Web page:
Covishield’s green pass approval by EMA to be discussed on G20 sidelines
The approval of Serum Institute of India (SII)’s Covishield vaccine by the European Medicines Agency (EMA) is expected to be taken up by the Indian side with the European Union on the margins of the G20 foreign ministers’ meeting in Italy on June 29, said people familiar with developments.
SII chief executive officer Adar Poonawalla also said on Monday that he has taken up the matter “at the highest level” to ensure Indians don’t face any travel restrictions.
“I realise that a lot of Indians who have taken Covishield are facing issues with travel to the EU. I assure everyone, I have taken this up at the highest levels and hope to resolve this matter soon, both with regulators and at a diplomatic level with countries,” Poonawalla tweeted.
People familiar with the matter said on condition of anonymity that SII would apply to EMA for certification.
External affairs minister S Jaishankar and his team are currently in Italy for a meeting of the foreign and development ministers of the G20, which includes 19 countries and the EU. The agenda for the meeting at Matera includes a swift international response to the Covid-19 pandemic and equitable worldwide access to diagnostics and vaccines.
The people cited above said the issue of EMA approval is expected to figure in discussions between Indian and EU officials on the margins of the G20 meeting.
Travellers vaccinated with Covishield, the version of the AstraZeneca vaccine manufactured in India, are currently ineligible for the EU Digital Covid certificate or “green pass” – an immunity document set to be in place by July 1 to ease travel within and to the 27-member bloc – as EMA has approved only four Covid-19 vaccines that have received EU-wide marketing authorisation.
The position taken by EMA is perplexing because Covishield and Vaxzevria, the AstraZeneca vaccine approved by the European agency, are qualitatively similar in nature, the people said.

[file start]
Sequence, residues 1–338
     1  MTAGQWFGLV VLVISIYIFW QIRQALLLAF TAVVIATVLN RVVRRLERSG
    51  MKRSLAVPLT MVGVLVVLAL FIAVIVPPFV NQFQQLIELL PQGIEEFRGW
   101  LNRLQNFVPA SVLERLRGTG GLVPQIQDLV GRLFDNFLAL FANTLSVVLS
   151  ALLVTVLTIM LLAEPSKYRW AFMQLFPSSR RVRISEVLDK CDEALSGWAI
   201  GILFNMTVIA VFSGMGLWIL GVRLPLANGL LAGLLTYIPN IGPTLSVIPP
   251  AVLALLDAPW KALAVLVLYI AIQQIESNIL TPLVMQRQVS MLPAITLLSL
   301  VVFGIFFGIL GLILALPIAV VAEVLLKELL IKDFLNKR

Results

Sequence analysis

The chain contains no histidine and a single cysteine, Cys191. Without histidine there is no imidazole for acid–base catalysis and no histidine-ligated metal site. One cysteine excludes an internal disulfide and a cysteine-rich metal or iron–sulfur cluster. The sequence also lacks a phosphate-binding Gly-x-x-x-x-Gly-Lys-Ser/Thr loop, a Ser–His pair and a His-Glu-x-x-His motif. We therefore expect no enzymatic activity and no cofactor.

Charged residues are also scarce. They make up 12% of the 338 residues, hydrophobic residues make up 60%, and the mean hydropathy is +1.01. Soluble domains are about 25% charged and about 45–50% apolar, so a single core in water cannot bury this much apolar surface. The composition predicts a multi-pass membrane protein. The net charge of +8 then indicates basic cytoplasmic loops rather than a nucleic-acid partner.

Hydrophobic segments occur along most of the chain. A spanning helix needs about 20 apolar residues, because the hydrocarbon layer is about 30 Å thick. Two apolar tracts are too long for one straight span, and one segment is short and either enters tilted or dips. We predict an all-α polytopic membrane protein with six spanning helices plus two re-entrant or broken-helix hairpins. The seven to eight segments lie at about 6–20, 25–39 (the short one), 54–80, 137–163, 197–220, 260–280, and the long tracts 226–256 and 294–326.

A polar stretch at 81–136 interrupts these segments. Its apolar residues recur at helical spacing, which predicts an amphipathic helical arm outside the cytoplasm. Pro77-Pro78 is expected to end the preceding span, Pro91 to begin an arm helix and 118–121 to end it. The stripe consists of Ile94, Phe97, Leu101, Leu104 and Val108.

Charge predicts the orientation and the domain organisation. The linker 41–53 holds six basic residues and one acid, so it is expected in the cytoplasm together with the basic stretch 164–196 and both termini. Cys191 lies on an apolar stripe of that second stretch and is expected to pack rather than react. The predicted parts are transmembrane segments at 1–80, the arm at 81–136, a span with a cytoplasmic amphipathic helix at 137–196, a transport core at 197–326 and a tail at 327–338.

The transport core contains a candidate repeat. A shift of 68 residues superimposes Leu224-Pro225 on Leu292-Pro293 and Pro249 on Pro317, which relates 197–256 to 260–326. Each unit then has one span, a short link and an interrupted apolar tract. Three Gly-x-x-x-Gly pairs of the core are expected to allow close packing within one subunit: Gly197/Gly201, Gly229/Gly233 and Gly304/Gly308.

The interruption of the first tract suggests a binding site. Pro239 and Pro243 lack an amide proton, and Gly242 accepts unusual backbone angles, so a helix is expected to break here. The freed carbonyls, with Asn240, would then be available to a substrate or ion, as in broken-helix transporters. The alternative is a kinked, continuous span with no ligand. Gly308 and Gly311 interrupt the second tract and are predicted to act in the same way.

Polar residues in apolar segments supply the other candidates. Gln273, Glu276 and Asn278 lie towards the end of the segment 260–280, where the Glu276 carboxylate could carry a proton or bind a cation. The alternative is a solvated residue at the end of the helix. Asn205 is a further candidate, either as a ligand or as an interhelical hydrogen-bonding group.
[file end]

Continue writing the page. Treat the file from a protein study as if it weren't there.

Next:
The Indian side has also reached out to EU authorities and key members of the bloc for greater understanding about the green pass and other national health regulations. The understanding on the Indian side is that the green pass is currently applicable only for intra-EU travel, though there could be a wider rollout at a later stage, and it will initially be available only to citizens of the 27 member states and EU citizens based outside the bloc.
The people cited above also said EMA approval was more about processes involving the manufacturer of a vaccine and less about government-to-government understandings. The government can help facilitate the process but it is the responsibility of the manufacturer to seek approval from EMA.
“There is still some time, and a solution will likely come soon as the matter is being taken up at different levels,” another government official aware of the matter said on condition of anonymity.
The EMA’s current list of approved vaccines includes Vaxzervria, the AstraZeneca shot produced in the UK and other sites around Europe, Comirnaty or the Pfizer-BioNTech vaccine, the Moderna shot and Johnson & Johnson’s Janssen vaccine.
The European Parliament voted overwhelmingly for the EU Digital Covid certificate on April 29 in response to demands from tourism-dependent countries such as Spain and Greece but questions remain about varying vaccination and testing rules in the 27 member states.
Diplomats told Reuters in April that national differences on recognising negative antibody tests on top of PCR tests, technical difficulties in creating a single EU gateway, worries about discrimination against those who have not been vaccinated, and privacy issues meant that finding common ground across the EU might be tricky.
The green pass, which was originally known as the “digital green certificate”, will contain information about vaccination, tests and recovery from Covid-19. Reports have said EU citizens will be able to obtain the green pass if they have any one of the three elements.